Updated: Jan 27, 2022
INFJs are known for being friendly, personable and understanding of those around them. Always the people pleaser, they adapt their personalities to suit the people around them. They will go way out of their way to make sure everyone around them is well taken care of.
But there is a line. There is a point where enough is enough. There is a point where they get betrayed or taken advantage of too much and they respond in a cold and deliberate way, often called the door-slam.
What is the INFJ door-slam?
The door-slam is an INFJ cutting someone out of their life completely, often without any discussion or warning. This includes blocking phone numbers, unfollowing and blocking on all social media and email, and even moving to a different place, depending on the situation.
Who gets a door-slam?
This can be applied to anyone in the INFJs life: friends, family, significant other. They don’t discriminate.
When and why is the door-slam used?
The door-slam is a way for INFJs to cut toxic people out of their lives.
INFJs will give everything to their people. But when they are hurt over and over and over again, there comes a point when they decide that they cannot take any more hurt from this person and it has to stop. This hurt can be caused by many things, including betrayal, narcissists or any kind of toxic presence.
Is it extreme?
It may seem like it’s extreme to outsiders, but INFJs are very sensitive individuals. They put their all into relationships and deeply effected by the way that they are treated, especially by those that they value the most. There is only so much hurt that INFJs can take before they collapse underneath it all.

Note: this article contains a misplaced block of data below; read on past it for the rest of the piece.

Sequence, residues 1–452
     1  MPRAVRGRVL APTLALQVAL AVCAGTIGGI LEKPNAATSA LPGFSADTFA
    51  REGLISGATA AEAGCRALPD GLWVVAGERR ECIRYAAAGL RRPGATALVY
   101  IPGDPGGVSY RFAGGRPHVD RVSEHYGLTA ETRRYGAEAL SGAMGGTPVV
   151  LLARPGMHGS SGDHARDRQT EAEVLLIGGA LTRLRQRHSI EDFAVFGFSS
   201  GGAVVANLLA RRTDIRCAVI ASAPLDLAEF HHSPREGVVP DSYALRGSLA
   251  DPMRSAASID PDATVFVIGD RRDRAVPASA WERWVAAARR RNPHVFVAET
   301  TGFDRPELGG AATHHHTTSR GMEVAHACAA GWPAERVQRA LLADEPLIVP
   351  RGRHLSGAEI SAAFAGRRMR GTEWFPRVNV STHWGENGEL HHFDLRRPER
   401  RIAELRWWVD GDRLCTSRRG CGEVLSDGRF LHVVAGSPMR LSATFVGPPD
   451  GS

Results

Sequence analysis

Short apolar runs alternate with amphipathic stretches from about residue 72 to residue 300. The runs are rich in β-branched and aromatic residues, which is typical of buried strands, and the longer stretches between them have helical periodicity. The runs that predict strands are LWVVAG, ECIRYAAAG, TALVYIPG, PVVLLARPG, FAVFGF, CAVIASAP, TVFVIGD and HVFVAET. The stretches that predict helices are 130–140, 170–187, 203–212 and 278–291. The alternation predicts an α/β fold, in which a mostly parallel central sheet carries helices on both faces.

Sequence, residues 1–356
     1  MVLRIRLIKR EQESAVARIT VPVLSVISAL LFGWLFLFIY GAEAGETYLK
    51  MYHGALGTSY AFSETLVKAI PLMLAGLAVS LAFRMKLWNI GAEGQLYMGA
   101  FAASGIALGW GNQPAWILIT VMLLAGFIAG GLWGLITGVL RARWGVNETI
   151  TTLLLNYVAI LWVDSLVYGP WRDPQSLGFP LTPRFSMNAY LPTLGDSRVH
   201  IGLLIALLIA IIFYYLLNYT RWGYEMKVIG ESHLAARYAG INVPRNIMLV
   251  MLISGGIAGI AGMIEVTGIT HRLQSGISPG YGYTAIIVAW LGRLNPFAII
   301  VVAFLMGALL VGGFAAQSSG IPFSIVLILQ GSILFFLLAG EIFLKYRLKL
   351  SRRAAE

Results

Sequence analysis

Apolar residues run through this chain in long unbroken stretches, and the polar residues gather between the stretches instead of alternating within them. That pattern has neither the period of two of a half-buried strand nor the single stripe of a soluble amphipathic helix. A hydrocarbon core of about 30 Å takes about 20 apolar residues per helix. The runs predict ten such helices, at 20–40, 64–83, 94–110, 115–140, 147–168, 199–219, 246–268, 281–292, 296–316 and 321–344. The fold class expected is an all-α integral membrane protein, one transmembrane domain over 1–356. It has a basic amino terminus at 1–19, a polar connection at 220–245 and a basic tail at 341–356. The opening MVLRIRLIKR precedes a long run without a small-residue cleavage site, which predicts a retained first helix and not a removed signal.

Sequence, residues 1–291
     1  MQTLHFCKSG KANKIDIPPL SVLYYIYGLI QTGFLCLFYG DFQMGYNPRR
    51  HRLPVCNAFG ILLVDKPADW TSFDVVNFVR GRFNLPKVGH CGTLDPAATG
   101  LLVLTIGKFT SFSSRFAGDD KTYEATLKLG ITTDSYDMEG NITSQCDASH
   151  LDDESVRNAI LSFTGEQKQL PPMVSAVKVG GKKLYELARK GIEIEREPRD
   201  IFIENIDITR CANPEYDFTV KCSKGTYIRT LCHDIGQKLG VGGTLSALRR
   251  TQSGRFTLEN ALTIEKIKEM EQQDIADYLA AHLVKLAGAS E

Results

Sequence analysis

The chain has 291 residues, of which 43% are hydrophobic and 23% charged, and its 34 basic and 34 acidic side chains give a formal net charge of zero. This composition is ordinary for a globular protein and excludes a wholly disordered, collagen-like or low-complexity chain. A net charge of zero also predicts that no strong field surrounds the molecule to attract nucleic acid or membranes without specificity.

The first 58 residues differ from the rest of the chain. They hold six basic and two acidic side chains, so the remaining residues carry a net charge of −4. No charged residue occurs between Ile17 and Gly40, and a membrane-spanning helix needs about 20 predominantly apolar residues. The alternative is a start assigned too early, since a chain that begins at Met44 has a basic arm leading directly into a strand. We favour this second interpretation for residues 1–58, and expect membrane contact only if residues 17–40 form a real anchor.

A door-slam is a solution of self preservation. It’s not a first line of defense, though, from the outside, it may seem this way. It’s actually a last line of defense. INFJs don’t want to use a door-slam, especially on people that they love. They don’t want conflict and disharmony in their lives at all. It’s just that sometimes, they don’t have a choice. It’s the only option left.
It’s not something that they take lightly either. There is a lot of thought and consideration that goes into such measures. A healthy INFJ will realize that there is nothing else that they can do but to cut the toxic person out of their life for good.
An example of a door-slam
I’ve used the door slam a few times in my life. I’ve used it on every boyfriend that I have ever had. I can’t do the whole “Let’s be friends” thing. It doesn’t work for me. But the biggest door-slam for me was my older sister.
My older sister has a substance abuse problem. She has had the problem for more than 10 years. It’s really sad because we are only 2 years apart and were like twins growing up. We did everything together. She was my person.
When she started down the road of making bad choices I didn’t really know how bad it was and, of course, had no way of knowing how bad it would get. I spent years trying to help her, trying to make her see that she has a problem and needs help. I put up with her lashing out at me numerous times, with her blaming me for her problems and demanding that I do something to help her.
But after years of me trying and failing, I realized there was something important missing. She can’t admit that she has a problem. It doesn’t matter what I do for her, she won’t get better until she can admit to herself and others that she has a problem.
A few years ago I decided that enough was enough. I no longer wanted to deal with her emotional abuse and her toxic behavior. I no longer felt responsible for her problems.
So, I blocked her phone number on my phone and deleted her from my social media, with no warning or explanation. And I haven’t looked back since.
The impact of that for me has been mostly positive. There are still times when I miss her. Like I said, she was my person. But more than that I have gained so much. She has this larger than life personality and i was always in her shadow. Now I feel like I have stepped out of her shadow, of her opinions, of her negative comments. I’ve learned how to be myself. I’ve learned a lot more about me and what I want. I’ve also learned how to stand up to people, rather than just accept what they say.